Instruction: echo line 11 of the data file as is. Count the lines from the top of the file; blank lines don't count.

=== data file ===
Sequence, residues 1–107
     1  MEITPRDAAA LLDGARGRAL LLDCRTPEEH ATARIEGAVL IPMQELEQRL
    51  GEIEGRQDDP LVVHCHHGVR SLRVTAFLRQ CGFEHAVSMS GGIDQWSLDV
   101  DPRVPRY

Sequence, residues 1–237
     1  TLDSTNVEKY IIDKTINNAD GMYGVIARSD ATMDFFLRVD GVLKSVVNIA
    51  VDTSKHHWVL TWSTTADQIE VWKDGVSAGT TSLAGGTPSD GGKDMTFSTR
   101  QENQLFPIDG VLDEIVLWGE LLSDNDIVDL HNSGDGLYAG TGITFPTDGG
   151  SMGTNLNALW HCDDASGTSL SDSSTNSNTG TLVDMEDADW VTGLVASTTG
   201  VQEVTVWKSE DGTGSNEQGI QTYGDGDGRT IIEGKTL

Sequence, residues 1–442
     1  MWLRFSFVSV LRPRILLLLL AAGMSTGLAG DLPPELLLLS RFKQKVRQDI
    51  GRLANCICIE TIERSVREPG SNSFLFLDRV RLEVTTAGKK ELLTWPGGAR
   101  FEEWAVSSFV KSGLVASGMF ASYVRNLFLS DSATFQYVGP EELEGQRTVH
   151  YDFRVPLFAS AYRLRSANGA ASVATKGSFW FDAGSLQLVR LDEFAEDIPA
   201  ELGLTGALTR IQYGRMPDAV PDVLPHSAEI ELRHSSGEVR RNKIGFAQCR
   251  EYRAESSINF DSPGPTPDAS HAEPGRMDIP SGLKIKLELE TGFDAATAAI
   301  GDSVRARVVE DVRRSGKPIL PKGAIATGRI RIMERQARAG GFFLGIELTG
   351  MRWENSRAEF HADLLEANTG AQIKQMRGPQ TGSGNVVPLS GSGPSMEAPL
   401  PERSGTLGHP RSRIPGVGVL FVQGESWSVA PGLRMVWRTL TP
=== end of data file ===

Sequence, residues 1–442